How to help ensure print and mail compliance
Make sure that your mail operations are effectively securing PII and meeting industry and federal regulations. A critical component is to create a tightly controlled and efficient mail center that incorporates the very best in world-class operational technology and compliance capabilities at every step of the process.
For example, with a printing system, you can print codes on each page and scan each piece as it is printed to implement tracking and achieve highly accurate communications. Automated resynchronization and reprinting solves multi-stream printing challenges and helps you create reports for tracking and auditing purposes. Additionally, duplex verification ensures the integrity of each mail piece by reading codes on both sides of each page. This prevents out-of-sequence printing.
Intelligent printing systems can inspect for the presence or absence of values such as:
- MICR print codes used in check printing.
- The readability of postal or other barcodes.
- Color accuracy for brand logos.
- Color consistency between jobs and across fleets of printers.
- Calibration tracking (to prevent an “8” from becoming a “6”.)
A modern inserting system with file-based processing facilitates compliance and quality by creating a traceability record for every mailpiece that can be monitored throughout its lifecycle. Inserting privacy technology can even implement in-line, high-speed weighing capabilities that makes sure that each mailpiece includes the proper contents. High-integrity mail and parcel sorters can accurately scan and sort mailpieces at a high speed, ensuring you don’t have to slow down operations to keep compliant.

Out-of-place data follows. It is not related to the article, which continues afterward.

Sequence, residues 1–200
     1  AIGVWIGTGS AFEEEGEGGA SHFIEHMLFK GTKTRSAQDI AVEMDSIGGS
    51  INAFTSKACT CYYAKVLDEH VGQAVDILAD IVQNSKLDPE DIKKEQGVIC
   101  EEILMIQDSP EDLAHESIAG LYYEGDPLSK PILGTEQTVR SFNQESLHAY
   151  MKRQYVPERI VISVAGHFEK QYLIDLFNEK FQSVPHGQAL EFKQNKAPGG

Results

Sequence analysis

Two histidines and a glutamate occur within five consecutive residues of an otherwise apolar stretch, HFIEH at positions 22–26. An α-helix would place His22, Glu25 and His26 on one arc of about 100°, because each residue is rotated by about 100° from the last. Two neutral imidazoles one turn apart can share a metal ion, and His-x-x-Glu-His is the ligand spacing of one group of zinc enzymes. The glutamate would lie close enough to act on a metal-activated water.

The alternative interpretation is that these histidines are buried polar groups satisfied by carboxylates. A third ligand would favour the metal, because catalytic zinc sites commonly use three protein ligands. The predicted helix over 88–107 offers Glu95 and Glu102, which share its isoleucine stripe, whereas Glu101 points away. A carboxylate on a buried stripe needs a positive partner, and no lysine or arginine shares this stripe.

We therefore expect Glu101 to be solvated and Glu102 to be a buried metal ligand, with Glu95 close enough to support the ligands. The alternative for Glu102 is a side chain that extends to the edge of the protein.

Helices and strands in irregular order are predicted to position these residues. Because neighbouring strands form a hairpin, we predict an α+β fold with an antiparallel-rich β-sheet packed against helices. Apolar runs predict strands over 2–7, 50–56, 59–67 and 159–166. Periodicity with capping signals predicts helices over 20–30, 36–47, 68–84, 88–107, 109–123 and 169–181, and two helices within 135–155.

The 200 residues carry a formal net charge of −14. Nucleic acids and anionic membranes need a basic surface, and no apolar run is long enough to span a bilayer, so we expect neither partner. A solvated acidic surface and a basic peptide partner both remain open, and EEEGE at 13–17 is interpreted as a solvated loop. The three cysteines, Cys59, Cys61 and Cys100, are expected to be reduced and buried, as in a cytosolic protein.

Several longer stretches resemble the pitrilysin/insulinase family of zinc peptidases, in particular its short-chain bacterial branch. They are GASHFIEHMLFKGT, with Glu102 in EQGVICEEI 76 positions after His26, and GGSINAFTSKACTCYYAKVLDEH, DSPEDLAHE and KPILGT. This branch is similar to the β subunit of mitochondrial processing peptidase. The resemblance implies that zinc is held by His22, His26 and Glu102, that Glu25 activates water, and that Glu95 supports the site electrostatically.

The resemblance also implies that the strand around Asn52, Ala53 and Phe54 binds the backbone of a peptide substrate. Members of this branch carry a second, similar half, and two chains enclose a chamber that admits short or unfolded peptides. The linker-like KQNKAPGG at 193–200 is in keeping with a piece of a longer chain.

Benefits of having a trusted print and mail compliance partner
Ultimately, your goal as a mail operator should be to achieve full mail chain of custody, automatically tracking and tracing mail pieces from finishing through to sorting and then to hand-off to the postal service. As your mail solutions partner, Pitney Bowes helps businesses -- like yours -- address end-to-end compliance needs with the latest technology solutions and expert compliance services.
A recent success story: One national provider of printing and mailing services for the finance and healthcare industries upgraded its environment with a modern inserting system, document product software and data management solution from Pitney Bowes. As a result, the company has been able to reduce downtime between jobs, save money in reduced staffing jobs and process mail at a higher rate of efficiency and integrity. What’s more, the operator can send up to 25 million pieces of sensitive mail each month with assurances of compliance and security.
That’s why it’s critical that you engineer your mail center for operational excellence. As regulators draft tighter compliance mandates and customer expectations for privacy become even higher, you’ll be able to continue to meet and exceed internal and external standards.
Pitney Bowes is a trusted partner to mail operators looking to consistently satisfy industry and federal compliance. Learn more about print and mail compliance solutions from Pitney Bowes, including our high-integrity mail finishing solutions and expert mail professional services and consulting.